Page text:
costing £50,000 or more will now be included in the CGS.
The scope of the current CGS has been widened so that it not
only caters for changes between taxable and exempt business use (as
now) but also for changes between business and non-business use of
As part of HMRC’s drive to simplify and update the rules in
this area, taxpayers now have the option of seeking approval for a
combined method for dealing with taxable, exempt and non-business
Legislating for a concession
An Extra Statutory Concession, that allows VAT recovery under
a CGS type calculation by a person who was not registered for VAT at
the time a CGS asset was acquired, will be withdrawn from 1 January
2011. Taxpayers who registered for VAT before this date will still be
able to rely on the concession whilst those registering for VAT on or
after it will be able to recover the appropriate VAT under the revised
References to the concession can be found in paragraph 9.4 of
Notice 742A - Opting to Tax Land and Buildings (as well as HMRC VAT
guidance on Land and Property (V1-8) paragraph 22.13.4 and Input Tax
(V1-13) paragraph 6.9).
HMRC has clarified in law that the representative member of a
VAT group is the owner for VAT purposes of all CGS items owned by
companies while they are within the group. The legislation also
clarifies who the owner is where there is a Transfer Of a Going Concern
(TOGC) and other cases where there is a transfer without a VAT supply.
There is no change to HMRC’s policy in these areas and the new
legislation aims only to put the matters beyond doubt.
The secondary legislation and explanatory note can be found
at Annex A. Q&A guidance
on how the rules are applied in practice will be published early in the
new year. Lennartz Accounting
is now available only in very limited circumstances where,
for assets other than land property, ships and aircraft, the goods are
used in part:
- for making supplies in the course of an economic activity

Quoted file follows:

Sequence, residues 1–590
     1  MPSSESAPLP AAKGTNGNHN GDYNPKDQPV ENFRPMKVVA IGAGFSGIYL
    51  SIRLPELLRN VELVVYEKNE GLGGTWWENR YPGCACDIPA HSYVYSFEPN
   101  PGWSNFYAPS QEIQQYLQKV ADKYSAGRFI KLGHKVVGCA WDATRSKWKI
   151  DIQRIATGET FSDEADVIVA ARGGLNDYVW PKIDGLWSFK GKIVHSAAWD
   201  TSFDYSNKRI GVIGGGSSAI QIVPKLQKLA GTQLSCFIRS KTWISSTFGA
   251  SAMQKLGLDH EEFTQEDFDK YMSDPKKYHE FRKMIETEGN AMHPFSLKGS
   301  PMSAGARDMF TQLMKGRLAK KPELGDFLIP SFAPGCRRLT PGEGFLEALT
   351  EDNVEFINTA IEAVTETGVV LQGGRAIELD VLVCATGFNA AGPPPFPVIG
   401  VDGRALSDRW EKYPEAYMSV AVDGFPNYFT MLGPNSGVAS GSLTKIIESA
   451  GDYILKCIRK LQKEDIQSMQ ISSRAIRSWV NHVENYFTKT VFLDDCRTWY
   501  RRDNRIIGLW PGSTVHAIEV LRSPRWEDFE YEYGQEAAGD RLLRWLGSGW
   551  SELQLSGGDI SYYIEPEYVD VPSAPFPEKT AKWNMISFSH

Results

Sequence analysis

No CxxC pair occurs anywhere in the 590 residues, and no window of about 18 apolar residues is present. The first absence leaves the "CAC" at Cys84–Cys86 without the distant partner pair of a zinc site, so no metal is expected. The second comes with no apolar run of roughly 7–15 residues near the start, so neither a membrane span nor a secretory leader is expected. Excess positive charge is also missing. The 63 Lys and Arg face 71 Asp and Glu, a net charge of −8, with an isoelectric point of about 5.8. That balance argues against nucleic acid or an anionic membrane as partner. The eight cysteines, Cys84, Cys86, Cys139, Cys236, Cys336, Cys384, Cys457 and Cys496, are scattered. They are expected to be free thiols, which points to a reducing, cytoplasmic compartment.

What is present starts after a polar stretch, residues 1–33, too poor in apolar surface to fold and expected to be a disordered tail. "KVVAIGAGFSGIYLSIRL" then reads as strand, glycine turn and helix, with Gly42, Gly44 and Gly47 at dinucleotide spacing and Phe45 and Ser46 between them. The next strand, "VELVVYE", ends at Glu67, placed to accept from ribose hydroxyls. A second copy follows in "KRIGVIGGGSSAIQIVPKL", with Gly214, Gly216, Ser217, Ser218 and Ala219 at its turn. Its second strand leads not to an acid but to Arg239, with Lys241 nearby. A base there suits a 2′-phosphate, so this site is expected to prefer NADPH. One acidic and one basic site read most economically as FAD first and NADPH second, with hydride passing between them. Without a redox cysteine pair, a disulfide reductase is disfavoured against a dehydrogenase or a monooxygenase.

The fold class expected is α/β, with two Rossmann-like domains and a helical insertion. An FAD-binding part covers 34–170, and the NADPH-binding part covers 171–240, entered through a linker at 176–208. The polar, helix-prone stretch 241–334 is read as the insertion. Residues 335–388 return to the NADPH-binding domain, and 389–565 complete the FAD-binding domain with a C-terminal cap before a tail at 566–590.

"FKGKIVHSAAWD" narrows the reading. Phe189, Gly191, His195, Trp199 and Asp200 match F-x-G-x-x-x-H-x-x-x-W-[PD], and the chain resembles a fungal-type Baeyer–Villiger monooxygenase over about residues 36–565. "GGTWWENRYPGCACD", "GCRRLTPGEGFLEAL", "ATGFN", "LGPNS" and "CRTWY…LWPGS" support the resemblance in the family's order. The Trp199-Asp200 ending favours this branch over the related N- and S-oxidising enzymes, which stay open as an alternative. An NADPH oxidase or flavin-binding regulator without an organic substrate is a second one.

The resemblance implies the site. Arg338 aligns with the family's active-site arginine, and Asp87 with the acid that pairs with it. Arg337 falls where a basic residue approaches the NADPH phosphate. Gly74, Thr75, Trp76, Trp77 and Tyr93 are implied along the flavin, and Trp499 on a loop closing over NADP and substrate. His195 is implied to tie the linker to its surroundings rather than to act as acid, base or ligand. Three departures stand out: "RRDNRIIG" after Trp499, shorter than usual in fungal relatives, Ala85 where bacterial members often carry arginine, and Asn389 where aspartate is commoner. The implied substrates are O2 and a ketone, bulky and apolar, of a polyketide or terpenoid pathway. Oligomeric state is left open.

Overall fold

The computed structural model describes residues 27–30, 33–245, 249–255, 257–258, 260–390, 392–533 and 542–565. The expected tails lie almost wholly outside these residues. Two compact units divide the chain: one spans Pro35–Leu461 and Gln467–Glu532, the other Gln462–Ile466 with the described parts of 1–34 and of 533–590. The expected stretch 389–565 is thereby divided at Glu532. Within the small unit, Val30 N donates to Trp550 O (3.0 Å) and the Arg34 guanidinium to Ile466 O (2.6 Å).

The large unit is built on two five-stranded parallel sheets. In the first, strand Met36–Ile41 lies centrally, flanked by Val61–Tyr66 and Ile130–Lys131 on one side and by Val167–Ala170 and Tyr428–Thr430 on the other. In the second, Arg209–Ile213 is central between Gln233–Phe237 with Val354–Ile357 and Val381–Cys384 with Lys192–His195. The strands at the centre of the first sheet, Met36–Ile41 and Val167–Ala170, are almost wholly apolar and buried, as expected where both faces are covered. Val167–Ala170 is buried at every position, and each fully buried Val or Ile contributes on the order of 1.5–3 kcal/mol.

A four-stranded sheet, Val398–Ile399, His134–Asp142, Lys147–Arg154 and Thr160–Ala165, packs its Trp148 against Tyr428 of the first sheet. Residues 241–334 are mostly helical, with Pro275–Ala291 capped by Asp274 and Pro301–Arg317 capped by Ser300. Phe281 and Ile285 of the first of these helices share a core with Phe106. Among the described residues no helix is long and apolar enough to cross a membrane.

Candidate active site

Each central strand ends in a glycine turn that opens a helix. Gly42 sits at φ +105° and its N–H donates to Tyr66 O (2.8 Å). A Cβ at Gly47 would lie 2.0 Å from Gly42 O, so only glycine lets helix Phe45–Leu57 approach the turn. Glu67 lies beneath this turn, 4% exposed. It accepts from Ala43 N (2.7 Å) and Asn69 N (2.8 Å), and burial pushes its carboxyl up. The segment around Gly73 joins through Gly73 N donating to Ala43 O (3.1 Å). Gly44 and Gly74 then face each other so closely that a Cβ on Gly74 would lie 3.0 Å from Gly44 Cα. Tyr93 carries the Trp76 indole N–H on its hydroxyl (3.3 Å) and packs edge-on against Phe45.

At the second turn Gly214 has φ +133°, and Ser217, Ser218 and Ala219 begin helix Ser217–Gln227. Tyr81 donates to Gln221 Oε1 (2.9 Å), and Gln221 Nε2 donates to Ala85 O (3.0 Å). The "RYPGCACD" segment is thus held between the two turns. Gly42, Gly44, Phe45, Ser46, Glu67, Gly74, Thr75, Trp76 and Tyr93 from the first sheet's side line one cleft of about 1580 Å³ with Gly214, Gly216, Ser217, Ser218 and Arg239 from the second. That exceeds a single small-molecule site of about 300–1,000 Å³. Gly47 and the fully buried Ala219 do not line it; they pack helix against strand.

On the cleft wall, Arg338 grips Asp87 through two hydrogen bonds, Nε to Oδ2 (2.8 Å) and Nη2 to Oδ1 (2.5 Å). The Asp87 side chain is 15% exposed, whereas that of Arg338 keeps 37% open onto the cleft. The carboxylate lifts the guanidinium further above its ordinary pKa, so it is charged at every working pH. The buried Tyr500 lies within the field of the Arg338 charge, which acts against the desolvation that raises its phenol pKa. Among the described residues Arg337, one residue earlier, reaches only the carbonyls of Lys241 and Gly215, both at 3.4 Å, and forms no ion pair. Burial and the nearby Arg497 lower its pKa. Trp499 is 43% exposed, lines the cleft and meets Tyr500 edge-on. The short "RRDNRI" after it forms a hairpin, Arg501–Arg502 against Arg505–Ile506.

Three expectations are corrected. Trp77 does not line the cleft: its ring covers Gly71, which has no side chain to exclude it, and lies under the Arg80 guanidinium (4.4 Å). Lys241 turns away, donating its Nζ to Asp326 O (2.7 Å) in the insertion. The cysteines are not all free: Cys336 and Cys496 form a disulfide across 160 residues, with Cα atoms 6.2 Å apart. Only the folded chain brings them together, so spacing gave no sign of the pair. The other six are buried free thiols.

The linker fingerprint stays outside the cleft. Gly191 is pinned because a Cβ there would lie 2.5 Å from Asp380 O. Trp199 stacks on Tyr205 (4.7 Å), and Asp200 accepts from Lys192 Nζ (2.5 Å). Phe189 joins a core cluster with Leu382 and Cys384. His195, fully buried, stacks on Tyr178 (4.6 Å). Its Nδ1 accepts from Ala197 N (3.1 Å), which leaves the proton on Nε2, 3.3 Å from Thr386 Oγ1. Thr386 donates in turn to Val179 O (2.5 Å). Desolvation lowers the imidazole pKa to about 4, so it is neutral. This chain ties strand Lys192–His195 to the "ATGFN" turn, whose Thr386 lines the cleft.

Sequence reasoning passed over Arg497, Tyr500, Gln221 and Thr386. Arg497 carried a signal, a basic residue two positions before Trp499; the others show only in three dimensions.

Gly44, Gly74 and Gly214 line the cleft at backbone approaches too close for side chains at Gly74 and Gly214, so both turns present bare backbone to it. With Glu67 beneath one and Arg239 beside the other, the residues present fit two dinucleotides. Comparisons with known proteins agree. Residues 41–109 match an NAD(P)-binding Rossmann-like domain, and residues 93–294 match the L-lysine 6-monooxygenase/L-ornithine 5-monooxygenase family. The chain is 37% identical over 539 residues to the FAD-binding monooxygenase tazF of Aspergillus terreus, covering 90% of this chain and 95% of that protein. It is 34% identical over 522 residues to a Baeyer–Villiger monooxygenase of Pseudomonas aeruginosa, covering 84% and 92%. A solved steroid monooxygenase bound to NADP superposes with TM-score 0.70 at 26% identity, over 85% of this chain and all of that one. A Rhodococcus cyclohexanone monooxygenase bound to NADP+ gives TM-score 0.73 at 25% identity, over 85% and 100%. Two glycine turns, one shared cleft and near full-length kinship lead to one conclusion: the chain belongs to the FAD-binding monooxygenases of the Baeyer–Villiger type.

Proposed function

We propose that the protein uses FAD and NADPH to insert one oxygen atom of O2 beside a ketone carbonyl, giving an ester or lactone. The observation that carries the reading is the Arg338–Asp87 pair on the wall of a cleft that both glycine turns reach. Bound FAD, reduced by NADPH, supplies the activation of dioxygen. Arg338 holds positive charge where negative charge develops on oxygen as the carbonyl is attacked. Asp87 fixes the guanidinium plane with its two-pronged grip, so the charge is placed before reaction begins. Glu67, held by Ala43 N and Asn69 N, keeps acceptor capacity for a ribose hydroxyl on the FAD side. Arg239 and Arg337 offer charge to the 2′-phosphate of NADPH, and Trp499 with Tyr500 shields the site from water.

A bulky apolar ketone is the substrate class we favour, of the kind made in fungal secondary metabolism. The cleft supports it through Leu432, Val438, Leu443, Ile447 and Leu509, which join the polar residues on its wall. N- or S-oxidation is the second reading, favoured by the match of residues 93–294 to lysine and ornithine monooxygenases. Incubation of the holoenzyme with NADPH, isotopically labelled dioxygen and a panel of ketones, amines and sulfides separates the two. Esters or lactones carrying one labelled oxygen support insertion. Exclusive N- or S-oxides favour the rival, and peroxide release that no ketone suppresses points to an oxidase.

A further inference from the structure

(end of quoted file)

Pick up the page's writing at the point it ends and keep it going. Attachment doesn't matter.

that give a right to input VAT deduction (broadly, taxable supplies,
supplies that would be taxable if made in the UK or certain financial
and insurance supplies to non-EC customers)
- in part for the private purposes of the taxpayer or his
staff or, exceptionally, for other uses which are wholly outside the
purposes of the taxpayer’s enterprise or undertaking
Taxpayers who have embarked upon Lennartz Accounting in
relation to an asset before 1 January 2011 must continue to operate it
in respect of that asset. However, for land and property, ships and
aircraft any VAT incurred on or after this date is recoverable only to
the extent that the asset is used to make taxable supplies or other
business supplies carrying input tax credit.
As a transitional measure, following a change in policy
arising from an ECJ decision, many taxpayers who had incorrectly been
permitted to use Lennartz Accounting were able to continue using this
mechanism, unless they chose to unravel the Lennartz Accounting
completely (see Revenue & Customs Brief 02/10). From 1 January
2011, any VAT incurred on land and property, ships and aircraft is
recoverable only to the extent that the asset is used to make taxable
supplies or other business supplies carrying input tax credit. From 1
July 2011, taxpayers who were incorrectly permitted to use Lennartz
Accounting will be able to unravel only where normal assessing time
limits still apply to the original claim.
HMRC will include more detailed information on the application
of Lennartz Accounting with the guidance to be published early in the
The new law will take effect from 1 January 2011.
Further information can be obtained from the HMRC website or
by contacting the Helpline on Tel 0845 010 9000.
Instruments - 2010 No 3022 Value Added Tax, The Value Added Tax
(Amendment) (No 4) Regulations 2010
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Article Published/Sorted/Amended on Scopulus 2011-01-07 18:48:50 in Tax Articles